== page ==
The reason this was hard was because I knew nothing about autism which meant I suddenly didn’t know myself. I felt empty. This lasted about a year until I decided enough was enough and I started to research about autism myself as I had no one to help me. This better understanding and reading what other autistics had wrote let me accept my autism and move on. I now wish to help other and I believe nothing is better then reading what autistics think and their experiences.

For any one thinking about having a diagnosis I say go for it. Don’t think of it as a negative thing and see it as a way of understanding your self better. Having a diagnosis has really helped me and has made me feel more empowered. Well that’s all from me, see you later.

Stimming

Hello again, and welcome aboard the autism boat. Today I want to talk about a big aspect of my autism, stimming. Stimming is self-stimulatory behavior and I have been doing it my whole life in some way or another. Stimming is different for every autistic but it usually involves movement or sound. So lets dig deeper into how I stim, why I stim and why stimming is so important in an autistics life.

In my early life, looking back I stimmed a lot (my diagnosis wasn’t until I was 15). I used to ‘danced like Elvis’ when walking around, people just thought I was quirky but now I realize this was me stimming. I can only imagine what an odd sight this must have been and why I wasn’t assessed earlier.

As I’ve gotten older I have learnt to try and make my stimming smaller as so to fit into society better. This is awful but a reality lots of autistics are living in. This is called camouflaging but I will do a post about this later on. The main bit of stimming I do is rapidly moving my hands. I do this when I’m stressed, excited (happy hands!) or when I’m day dreaming. I may also lock my jaw when I’m day dreaming but I’ve only been told that. This is the most discrete I can get, as I don’t want to draw attention to my self. The other main one happens when I’m getting really distressed. I make low, grunting like sounds as I find it really hard to talk. This usually means I’m on the edge of a break down and need to go and rest. But with the polar opposite, when I’m really happy I make high pitch sounds. These sounds are also often accompanied by some movement. I might shake my body when distressed and not be able to sit still when I’m exited.

Now lets move on to why I think I stim. For me stimming is a way of combating negative stimulation with positive stimulation, so if there is a really high pitched noise I might start shaking my hand to combat this, consciously or unconsciously. I also think it’s to release energy when my brain is working too hard, which to be honest is most of the time as I have a very vivid imagination and my brain tends to wander a lot.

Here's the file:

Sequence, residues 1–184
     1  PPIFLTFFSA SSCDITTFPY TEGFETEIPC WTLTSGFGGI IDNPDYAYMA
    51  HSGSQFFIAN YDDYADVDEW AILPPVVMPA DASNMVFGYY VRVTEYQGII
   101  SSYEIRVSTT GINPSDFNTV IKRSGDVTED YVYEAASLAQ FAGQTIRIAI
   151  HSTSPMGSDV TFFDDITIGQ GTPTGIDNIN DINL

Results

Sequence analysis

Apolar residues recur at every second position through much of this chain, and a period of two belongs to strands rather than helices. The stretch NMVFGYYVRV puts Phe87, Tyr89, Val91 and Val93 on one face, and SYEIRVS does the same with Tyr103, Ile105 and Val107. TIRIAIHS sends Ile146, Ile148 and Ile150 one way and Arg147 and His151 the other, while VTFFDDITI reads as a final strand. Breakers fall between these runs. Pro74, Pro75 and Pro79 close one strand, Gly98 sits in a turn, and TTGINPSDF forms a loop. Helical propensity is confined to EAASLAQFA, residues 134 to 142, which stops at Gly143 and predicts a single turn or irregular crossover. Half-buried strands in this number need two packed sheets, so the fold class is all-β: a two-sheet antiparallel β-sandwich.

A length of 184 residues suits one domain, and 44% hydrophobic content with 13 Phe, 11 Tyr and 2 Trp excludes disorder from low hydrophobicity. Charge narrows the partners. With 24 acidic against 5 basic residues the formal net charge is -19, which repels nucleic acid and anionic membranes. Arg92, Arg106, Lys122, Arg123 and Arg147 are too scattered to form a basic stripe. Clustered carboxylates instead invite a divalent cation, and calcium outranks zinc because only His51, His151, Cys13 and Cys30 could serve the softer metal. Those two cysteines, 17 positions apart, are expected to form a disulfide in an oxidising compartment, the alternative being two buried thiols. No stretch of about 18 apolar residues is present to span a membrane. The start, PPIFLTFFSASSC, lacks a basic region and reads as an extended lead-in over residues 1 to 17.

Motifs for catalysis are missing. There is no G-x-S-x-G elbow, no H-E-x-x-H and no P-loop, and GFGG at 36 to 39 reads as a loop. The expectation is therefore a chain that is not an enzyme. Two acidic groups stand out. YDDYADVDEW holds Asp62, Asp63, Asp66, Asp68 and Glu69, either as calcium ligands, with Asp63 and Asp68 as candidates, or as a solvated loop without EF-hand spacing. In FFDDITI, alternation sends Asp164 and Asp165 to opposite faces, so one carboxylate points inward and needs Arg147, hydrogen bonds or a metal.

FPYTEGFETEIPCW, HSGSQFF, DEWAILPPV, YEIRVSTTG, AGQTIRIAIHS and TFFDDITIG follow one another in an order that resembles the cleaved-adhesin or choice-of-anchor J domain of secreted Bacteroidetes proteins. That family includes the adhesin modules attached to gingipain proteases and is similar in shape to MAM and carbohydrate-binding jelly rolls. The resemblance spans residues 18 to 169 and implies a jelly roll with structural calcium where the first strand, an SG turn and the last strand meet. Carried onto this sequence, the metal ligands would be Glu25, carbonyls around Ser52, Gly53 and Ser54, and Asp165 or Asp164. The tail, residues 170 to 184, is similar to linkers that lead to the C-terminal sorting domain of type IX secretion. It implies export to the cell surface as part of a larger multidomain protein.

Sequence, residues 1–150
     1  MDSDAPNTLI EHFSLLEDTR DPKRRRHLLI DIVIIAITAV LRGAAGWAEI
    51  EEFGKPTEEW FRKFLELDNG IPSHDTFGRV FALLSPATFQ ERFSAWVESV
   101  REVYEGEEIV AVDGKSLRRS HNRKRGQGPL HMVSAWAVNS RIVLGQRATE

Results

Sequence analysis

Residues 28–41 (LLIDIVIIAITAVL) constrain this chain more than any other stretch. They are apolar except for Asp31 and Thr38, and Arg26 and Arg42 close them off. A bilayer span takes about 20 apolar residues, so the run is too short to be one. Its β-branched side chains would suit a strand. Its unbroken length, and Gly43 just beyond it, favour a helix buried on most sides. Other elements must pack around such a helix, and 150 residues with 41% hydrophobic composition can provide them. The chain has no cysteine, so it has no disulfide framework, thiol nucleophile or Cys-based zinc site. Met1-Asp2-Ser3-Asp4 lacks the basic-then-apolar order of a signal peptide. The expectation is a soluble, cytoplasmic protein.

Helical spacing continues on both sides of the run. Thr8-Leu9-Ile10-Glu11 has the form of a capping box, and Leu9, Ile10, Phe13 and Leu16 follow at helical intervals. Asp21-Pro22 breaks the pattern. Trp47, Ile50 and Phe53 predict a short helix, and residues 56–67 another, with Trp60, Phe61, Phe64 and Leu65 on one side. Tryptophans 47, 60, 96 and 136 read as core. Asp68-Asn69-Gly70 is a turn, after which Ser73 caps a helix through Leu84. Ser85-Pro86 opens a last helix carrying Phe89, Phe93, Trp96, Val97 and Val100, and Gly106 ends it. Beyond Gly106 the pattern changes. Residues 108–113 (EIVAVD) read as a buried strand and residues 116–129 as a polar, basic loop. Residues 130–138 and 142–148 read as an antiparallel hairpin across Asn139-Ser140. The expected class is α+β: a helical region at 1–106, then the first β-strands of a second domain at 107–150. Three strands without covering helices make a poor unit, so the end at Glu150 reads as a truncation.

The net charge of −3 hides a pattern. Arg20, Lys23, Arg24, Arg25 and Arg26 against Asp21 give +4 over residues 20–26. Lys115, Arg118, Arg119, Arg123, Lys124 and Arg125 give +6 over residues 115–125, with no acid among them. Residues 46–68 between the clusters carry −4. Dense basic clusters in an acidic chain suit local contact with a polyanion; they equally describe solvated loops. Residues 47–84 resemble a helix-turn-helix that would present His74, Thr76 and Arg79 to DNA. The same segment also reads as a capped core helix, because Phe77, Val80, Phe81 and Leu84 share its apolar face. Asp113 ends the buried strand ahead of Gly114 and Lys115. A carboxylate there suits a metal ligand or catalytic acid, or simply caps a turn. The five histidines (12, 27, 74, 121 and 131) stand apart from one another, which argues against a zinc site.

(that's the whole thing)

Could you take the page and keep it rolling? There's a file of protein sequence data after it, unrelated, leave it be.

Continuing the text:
All of the above things are very positive, stimming is there to help you out so you can be healthier or concentrate for longer. So why is it that on the whole, especially non-autistics, see it as such a negative thing? Yes it can make us look a bit odd or sometimes threatening but it is a very good thing. I feel ashamed when I need to stim in public so it has lead to me having meltdowns in the middle of a busy street or my worst experience in Covent garden (a busy area of London), all because people would look and stare over something that we autistics can’t always control. This is why I want to raise awareness. I want autistic to be able to stim freely (as long as there not hurting themselves or others), as they would be much healthier as a result and I encourage reading this to tell your autistics in your live that its ok to stim and that you don’t mind as it will make them feel better.

I hope you found this insight into my life interesting, see you later!

Hello World

Hi everyone, i’m Ali, your autistic guide and you maybe asking yourself why do I need an autistic guide? well my world is full of struggles and strengths that I wish to share because you probably are or know someone on the autism spectrum that could benefit from you gaining knowledge about autism.

I am a autistic advocate (obviously), my goal is to help as many people live happier lives, especially autistic people and their friends, family and colleges (autistic or not). This blog is for everyone so don’t go if your non-autistic as I welcome diversity and want to create a blog where we can raise awareness for autism (and some other mental disabilities and mental heath issues may pop up once in a while too). I am also dyslexic (so blog posts won’t have perfect spelling and grammar) and wish to become involved in the LGBTQIA+ community as I am gay (I identify as female incase you were wondering).

So stick around as I am hoping to be posting weekly, see you later.